So basically you it gives you access to almost all the Shinkansen bullet trains, except for the Nozomi and Mizuho trains, which incidentally are the fastest ones. But not to worry, the other Shinkansen trains are almost just as fast. For example, when going from Tokyo to Osaka, the Nozomi is only about 20 minutes faster than the Hikari (150 mins vs 170 mins).

You can also utilize your JR Pass on local trains inside cities such as Tokyo, Osaka, or Kyoto.

Is the Japan Rail Pass Worth it?

It really depends on your trip itinerary, but in general you'll save the most money on the trips between major cities. For example, a round trip Shinkansen ticket between Tokyo and Kyoto will run you 26,160 yen. Add in a round trip Narita Express from the airport in Tokyo for 6,000 yen and it totals out to 32,000 yen. With a Japan Rail Pass, you'd have saved money already (32,000 yen vs 29,110 yen).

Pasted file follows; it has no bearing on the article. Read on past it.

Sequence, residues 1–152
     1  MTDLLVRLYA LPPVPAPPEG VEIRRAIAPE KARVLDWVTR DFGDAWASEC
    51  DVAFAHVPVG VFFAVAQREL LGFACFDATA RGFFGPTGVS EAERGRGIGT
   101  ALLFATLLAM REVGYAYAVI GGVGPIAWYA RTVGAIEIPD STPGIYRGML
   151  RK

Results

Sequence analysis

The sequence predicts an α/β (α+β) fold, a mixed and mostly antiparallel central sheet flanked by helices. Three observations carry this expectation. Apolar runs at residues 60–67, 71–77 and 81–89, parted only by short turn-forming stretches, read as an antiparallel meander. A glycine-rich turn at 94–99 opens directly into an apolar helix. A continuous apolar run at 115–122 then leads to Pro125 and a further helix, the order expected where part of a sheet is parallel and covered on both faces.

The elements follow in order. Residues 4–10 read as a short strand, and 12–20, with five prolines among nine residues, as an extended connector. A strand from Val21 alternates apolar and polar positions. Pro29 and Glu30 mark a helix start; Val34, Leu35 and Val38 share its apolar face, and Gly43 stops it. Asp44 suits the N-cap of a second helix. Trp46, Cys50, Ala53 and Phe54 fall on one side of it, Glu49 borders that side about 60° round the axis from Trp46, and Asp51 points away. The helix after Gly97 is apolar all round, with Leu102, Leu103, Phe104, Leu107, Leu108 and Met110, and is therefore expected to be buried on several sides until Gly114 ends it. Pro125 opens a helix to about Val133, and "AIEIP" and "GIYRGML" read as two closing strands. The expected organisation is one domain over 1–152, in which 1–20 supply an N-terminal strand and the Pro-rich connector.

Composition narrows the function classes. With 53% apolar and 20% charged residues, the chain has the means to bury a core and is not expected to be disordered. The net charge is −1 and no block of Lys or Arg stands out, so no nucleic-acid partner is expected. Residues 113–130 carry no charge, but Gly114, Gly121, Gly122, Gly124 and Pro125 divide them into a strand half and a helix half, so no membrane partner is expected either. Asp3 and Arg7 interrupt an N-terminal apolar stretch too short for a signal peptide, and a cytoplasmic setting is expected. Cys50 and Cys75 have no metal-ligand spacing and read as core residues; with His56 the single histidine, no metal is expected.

If you add in Osaka, the Art Islands, and other day trips like Nikko - you will definitely save money with the Japan Rail Pass. On top of all that, you'll be able to use local JR trains in certain cities.

Check out this nifty Japan Rail Calculator - it will help you determine if the Rail Pass will save you money.

Here is one of the routes we did while we were in Japan recently:

japan rail pass prices

If you want to see super accurate prices - check out Hyperdia. Make sure to uncheck the 'Private Railway' and 'Nozomi/Mizuho' lines.

japan train times

One more added convenience of the JR Pass is that it allows you to board any train without having to buy a ticket in advance.


Pros and Cons of the Japan Rail Pass

Pros:

  • Ability to hop on and off trains without having to purchase tickets in advance.

  • Saves you a lot of money, depending on your itinerary

  • Shinkansen Bullet Trains are extremely fast, modern, and comfortable

  • Great for itineraries that cover many cities

Cons:

  • Must be purchased for consecutive day use

  • Can't be used for the Nozomi or Mizuho trains

  • Not great for travelers who like to take their time slowly through each city, due to the consecutive day usage